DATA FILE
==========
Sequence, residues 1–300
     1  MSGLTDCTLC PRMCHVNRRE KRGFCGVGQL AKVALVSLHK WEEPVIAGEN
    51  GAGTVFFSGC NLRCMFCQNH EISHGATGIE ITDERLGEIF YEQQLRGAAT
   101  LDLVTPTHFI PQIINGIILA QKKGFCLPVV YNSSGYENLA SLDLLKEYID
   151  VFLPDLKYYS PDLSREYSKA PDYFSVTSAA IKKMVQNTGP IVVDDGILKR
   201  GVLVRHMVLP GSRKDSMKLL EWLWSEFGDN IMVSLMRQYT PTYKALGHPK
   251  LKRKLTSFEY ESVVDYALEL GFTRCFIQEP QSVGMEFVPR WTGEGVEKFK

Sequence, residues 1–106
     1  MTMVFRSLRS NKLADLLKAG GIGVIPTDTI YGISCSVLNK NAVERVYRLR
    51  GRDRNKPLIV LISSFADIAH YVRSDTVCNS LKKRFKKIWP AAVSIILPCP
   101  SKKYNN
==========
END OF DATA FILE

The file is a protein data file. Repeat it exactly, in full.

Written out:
Sequence, residues 1–300
     1  MSGLTDCTLC PRMCHVNRRE KRGFCGVGQL AKVALVSLHK WEEPVIAGEN
    51  GAGTVFFSGC NLRCMFCQNH EISHGATGIE ITDERLGEIF YEQQLRGAAT
   101  LDLVTPTHFI PQIINGIILA QKKGFCLPVV YNSSGYENLA SLDLLKEYID
   151  VFLPDLKYYS PDLSREYSKA PDYFSVTSAA IKKMVQNTGP IVVDDGILKR
   201  GVLVRHMVLP GSRKDSMKLL EWLWSEFGDN IMVSLMRQYT PTYKALGHPK
   251  LKRKLTSFEY ESVVDYALEL GFTRCFIQEP QSVGMEFVPR WTGEGVEKFK

Sequence, residues 1–106
     1  MTMVFRSLRS NKLADLLKAG GIGVIPTDTI YGISCSVLNK NAVERVYRLR
    51  GRDRNKPLIV LISSFADIAH YVRSDTVCNS LKKRFKKIWP AAVSIILPCP
   101  SKKYNN